It is being said that a too early relaxation of national and local ‘social distancing’ guidelines for the recent Covid-19 pandemic might result in an uptick of new cases or even re-infections in ...
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1answer
102 views

What syntax facts explain differences in late 1800s vs. 2020 written English?

TL:DR What objective SYNTAX facts make late 1800 writing different from 2020 writing? Why even highly educated, among themselves, in 2020 write much less formally than their counterparts in 19 ...
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1answer
44 views

How many English words are of native origin?

What percentage of current English words are of native Anglo-Saxon origin? I have seen stats about how large percentages of the English words currently in use come from French, Latin, or German ...
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5answers
4k views

Why does “blue blazes” specify the color blue, and what is the origin of this expression as an intensifier/euphemism?

A recent question posted on English Language & Usage (What does "blazes" mean in "Stay the blazes home!") asks where "blazes" originated as an intensifier. In attempting to ...
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1answer
282 views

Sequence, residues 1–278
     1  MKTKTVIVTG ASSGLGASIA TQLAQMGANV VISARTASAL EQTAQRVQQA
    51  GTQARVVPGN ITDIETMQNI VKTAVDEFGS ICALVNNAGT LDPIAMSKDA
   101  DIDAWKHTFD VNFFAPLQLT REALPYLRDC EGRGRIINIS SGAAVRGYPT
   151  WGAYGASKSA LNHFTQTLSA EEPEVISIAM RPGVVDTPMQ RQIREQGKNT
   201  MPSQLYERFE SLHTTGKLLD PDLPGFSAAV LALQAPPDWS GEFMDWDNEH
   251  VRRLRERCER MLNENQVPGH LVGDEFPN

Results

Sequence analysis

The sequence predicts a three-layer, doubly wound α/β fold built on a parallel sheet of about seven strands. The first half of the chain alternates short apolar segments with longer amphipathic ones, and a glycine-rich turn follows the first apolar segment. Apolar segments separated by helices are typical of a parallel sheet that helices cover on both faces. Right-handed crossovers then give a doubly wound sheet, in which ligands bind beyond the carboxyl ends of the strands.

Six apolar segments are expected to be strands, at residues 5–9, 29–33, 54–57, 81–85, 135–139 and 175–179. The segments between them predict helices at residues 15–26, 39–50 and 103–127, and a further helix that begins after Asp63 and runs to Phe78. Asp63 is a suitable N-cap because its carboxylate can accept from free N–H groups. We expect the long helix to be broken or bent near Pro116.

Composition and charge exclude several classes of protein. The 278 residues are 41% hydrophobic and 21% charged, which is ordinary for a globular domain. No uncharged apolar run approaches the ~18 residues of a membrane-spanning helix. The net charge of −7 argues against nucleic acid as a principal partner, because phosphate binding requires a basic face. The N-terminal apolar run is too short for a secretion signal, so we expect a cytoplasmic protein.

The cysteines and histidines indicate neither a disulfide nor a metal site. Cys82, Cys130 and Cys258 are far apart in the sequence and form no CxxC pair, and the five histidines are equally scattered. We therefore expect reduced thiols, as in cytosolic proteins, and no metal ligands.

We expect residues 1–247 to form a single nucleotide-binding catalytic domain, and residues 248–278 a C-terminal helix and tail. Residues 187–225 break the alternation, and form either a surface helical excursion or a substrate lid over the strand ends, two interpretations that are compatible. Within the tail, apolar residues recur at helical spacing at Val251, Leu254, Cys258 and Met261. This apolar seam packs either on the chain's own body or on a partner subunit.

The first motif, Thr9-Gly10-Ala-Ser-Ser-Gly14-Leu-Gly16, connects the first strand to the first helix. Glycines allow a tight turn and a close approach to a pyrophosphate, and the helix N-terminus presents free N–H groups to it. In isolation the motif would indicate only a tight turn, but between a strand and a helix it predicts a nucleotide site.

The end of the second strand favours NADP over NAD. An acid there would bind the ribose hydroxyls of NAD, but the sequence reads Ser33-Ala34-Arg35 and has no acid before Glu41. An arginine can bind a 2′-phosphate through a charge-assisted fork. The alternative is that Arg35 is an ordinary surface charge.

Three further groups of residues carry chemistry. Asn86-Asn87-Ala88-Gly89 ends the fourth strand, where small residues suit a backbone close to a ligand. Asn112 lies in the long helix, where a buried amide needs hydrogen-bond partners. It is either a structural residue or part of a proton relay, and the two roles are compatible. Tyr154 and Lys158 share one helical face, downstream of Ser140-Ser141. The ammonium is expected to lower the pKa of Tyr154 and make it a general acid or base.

What is, or was the meaning of “oncommon”?

In Dickens' David Copperfield, there is an exchange between David and Mr Pegotty who arrives with his nephew Ham to visit him at school. It runs as follows: "Do you know how mama is, Mr Peggotty? I ...
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26 views

Late 1800s, arrogant or bombastic to use ten-dollar words?

TL:DR. In 2020, I don't think anyone uses these bombastic words in a town newspaper! If you write or speak them, I think you look arrogant and pretentious! But did newspaper readers in late 1800s ...
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1answer
209 views

What skews our evidence about 19th century English writing?

Edit As jsw29 explained in his way better English, answers below answered a different question, not the one I want. This explanation of what makes our evidence about 19th century English skewed is ...
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54 views

How to change a word?